Subic pulls you close to sunken world war wrecks, acrobatic dolphins in the open sea, wild tigers in a safari, several sunset beaches, and its aborigines’ jungle survival techniques. The town is home to the scuba diving sanctuary Subic Bay, which nestles plenty of reef sites and more than 10 wreck sites. Witness to the dramas of the 1898 Spanish-American War and World War II, its underwater spectacles include the 120-year-old, steam-powered galleon San Quentin and the 117-meter-long armored cruiser USS New York. Its waters are host to schools of various fish such as lionfish, stonefish, bluespotted stingray, shark, and coral fish.
Found along Subic Bay is Ocean Adventure, a 20,000-hectare open water shelter to sea lions, turtles, and several species of dolphin such as Bottlenose, Rough-toothed, Pantropical spotted, and false killer whale. Here, you can watch animal shows, swim with the dolphins, or learn how to train these friendly creatures for half a day. But if the open water is not your thing, you can get onto a jeep and drive into the 25-hectare Zoobic Safari and have candid encounters with animals in the wild such as deers, pot bellied pigs, crocodiles, lions, and Bengal Siberian tigers.
Most Filipino families in Luzon take a road trip to Subic to play in its soft sandy beaches and take a dip in the sea. Subic Bay has at least 10 beach resorts, public beaches, and hidden coves. Tago or Hidden Beach, Rock Bottom Beach, and Sunset Cove are mostly uninhabited beaches and require a boat to reach. Other beaches and resorts such as All Hands Beach, Dungaree Beach, Whiterock Beach, and Adam’s Beach are easily accessible by car from the main road or National Highway. All facing the sunset, the beaches are windy and rugged with seaweed during Habagat Season (May to October), and are calm and clean during Amihan Season (November to April).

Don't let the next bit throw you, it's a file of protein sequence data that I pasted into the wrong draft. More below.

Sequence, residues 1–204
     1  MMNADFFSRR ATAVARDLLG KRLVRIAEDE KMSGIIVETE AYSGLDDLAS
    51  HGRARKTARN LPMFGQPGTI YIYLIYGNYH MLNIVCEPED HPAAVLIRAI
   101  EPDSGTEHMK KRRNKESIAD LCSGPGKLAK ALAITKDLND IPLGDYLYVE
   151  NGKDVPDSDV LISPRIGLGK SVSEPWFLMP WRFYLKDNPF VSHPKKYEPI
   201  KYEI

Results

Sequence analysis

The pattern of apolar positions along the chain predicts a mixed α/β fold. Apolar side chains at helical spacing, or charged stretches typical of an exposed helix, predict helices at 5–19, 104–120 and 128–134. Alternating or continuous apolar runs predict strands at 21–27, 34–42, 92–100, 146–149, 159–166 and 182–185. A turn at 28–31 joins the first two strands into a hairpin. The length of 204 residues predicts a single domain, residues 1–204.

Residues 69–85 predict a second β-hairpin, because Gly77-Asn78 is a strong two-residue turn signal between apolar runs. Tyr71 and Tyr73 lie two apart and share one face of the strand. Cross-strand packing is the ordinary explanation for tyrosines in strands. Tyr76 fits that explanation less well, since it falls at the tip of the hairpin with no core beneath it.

Driving to Subic make for astonishing scenic views of the sea. At sunrise and sunset, you can also witness thousands of bats pouring in or out of their caves, flooding the sky with inky rivers. Subic’s interiors, meanwhile, are lush with rainforests, a portion of which is an ancestral land belonging to Aetas, the town’s aborigines. At JEST Camp & Bird Park, outdoor enthusiasts can get a crash course to jungle survival techniques, such as cooking from bamboo and extracting water from vines, with the help of these nature-adept Aetas. Just beside the camp is the two-hectare Bird Park, home to 500 birds from 40 different species such as Hornbill, Toucan, and Golden Amherst.
Other noteworthy destinations include horseback riding in El Kabayo Stables and visiting El Kabayo Waterfalls, engaging in thrilling adventures among the canopy of trees in Tree Top Adventure, and immersing in the culture and genius of Aetas in Pastolan Ayta Village via the Pamulaklakin Forest Trail. Mountaineers seeking for summits can also explore Subic’s highest mountains such as Mt. Balingkilat and the five-peaked Mt. Cinco Picos. Mostly exposed, the trails to the summit offer breathtaking views of faraway islands and the sea.

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